Investment Banking Areas Explained: Capital Markets

As anticipated earlier, in this section of the course, we will talk about the four main areas of investment banking activities. The four lessons you we will see here will provide a detailed description of Underwriting services (often called Capital Markets), Advisory services (including M&A and Restructuring), Trading and Brokerage, and Asset Management. Then, from the next chapter onwards, we’ll dedicate significant time to provide you with an inside-look of each of these investment banking divisions. Capital markets are one of the most fascinating areas of investment banking. Companies need these services when they are about to go public or want to issue debt sold to the public. When a company wants to raise equity, we talk about ECM, standing for Equity Capital Markets, and when it wants to raise debt, we talk about DCM, standing for Debt Capital Markets. Going public is a critical moment in the life of any company. This means it has grown from a small business to a large entity, ready to get public investors on board. The company’s shares will be sold to public investors, and they can determine who will run the business and who will sit on the Board of Directors. This is a very complex process that must be carried out at the right time. The founders of the company want to sell at the right price and monetize their hard work. At the same time, public investors are interested in making an investment in a company with great management and a great growth potential. The company going public must increase its administrative and finance staff significantly. It will have to prepare several documents and financial reports not required for private firms. This is a cost it will have to bear. Timing plays a critical role in an Initial Public Offering. The IPO must be carried out at the right moment – the company must be ready in terms of size, profitability, administrative capacity, growth potential, and investors must be convinced that their money is in good hands. What is the investment bankers’ role in this process? Historically, investment bankers have been the trusted advisors of companies who ensure that the whole process goes smoothly. It is their job to provide guidance as to when is the right time to go public, how the company can position itself to attract investor’s interest, to organize meetings between the company’s management and investors, and to present to investors the investment opportunity. In addition, investment bankers build lists of investor’s intentions and determine what will be the price at which the company will sell its shares. Ultimately, after the IPO has taken place, investment bankers will exercise certain instruments at their disposal to stabilize the price of the stock in the first few days of its trading on the market. Ok. Perfect. This is an IPO. But what if a company already listed wants to issue some additional shares? Is that possible? Yes, sure. It is.
It is a much easier process, called SEO. Seasoned Equity Offerings. It is a much easier process, because everything is already in place. The company is already listed on the Stock Exchange. Its shares have a price; it has already created all documents necessary to be in compliance with financial regulations. So, the role of investment bankers is limited to finding investors who will buy additional shares and participate in the company’s increase of capital. There will be several meetings; investment banks will create a list with potential buyers of the securities and will underwrite the stock, once sufficient demand has been established. Debt Capital Markets are the second main pillar of underwriting services. Besides equity, a company could be interested in issuing debt securities, called bonds. A bond offering is not different from an equity offering. The players involved are almost the same. The main difference is that bonds can be issued by sovereign countries. Most people think of debt in its traditional form, borrowing money from a commercial bank, but that’s not necessarily the case. A company or a government can borrow from public investors too. Public debt markets work efficiently, especially when the amount to be borrowed is substantial. Several investors buy these securities and expect to be paid an interest rate throughout the duration of the bond. Similar to the issuance of equity, investment bankers advise the loan, prepare company presentations, find potential investors, and price the loan. On average, bonds are much easier to price compared to equity, mainly because every company that issues a bond has a credit rating – an opinion about its creditworthiness expressed by independent credit agencies. Another form of DCM services that has been very popular in recent years are the loan syndications. These are loans granted by a pool of banks. Usually, several banks get portions of a loan. Such group of banks is called ‘’the syndicate’.’ Syndicated loans are a hybrid between bonds and commercial banking loans. There are several reasons banks can be interested in loan syndications – diversification, fee generation, and importantly, lending opportunities in geographic areas in which they have no presence and expertise. So, these are the main types of equity and debt offerings in which a bank’s Capital Markets division is involved. In our next lesson, we will talk about the Advisory services provided by investment banks.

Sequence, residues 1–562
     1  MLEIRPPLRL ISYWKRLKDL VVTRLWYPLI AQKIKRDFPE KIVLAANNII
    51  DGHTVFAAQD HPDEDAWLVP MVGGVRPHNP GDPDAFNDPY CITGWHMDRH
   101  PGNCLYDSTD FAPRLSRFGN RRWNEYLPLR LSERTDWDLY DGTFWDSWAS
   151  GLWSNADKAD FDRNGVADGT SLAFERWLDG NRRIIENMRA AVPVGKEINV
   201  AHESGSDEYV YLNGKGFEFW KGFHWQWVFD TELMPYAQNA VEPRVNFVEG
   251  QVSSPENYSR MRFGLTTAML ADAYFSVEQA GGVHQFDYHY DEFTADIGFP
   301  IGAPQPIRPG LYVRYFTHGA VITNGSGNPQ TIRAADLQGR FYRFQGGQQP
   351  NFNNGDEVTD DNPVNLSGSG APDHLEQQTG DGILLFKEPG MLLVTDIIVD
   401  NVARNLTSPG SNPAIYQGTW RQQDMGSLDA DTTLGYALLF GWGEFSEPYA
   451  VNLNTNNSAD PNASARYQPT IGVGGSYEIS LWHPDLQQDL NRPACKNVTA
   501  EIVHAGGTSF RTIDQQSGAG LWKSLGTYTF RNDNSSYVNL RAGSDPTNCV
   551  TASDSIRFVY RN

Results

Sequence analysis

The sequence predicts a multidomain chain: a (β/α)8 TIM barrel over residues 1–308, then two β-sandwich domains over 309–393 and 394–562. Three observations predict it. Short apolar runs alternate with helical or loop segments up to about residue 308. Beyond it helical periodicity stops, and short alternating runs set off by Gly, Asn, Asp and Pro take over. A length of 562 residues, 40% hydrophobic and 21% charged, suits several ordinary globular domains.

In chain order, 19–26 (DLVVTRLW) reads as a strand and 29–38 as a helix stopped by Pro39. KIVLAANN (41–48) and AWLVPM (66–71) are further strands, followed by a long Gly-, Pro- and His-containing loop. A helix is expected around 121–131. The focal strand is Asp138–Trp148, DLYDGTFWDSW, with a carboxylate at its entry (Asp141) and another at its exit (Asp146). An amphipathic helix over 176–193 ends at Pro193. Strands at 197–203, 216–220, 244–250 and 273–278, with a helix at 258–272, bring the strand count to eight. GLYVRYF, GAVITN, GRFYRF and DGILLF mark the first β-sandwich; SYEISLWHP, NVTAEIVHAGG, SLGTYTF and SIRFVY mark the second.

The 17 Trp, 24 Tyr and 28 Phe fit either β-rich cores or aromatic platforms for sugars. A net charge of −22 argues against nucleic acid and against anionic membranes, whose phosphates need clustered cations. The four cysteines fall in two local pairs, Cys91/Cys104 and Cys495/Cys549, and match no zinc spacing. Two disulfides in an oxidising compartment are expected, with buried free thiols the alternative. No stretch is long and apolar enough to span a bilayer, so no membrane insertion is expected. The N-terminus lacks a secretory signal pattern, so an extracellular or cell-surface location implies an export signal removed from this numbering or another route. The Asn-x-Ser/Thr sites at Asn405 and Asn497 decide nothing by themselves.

17 Replies to “Investment Banking Areas Explained: Capital Markets”

  1. Thanks!!

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  3. Hey, I’ve made an Investment Banking interview questions video which will show you what to expect during your interviews – check out our channel


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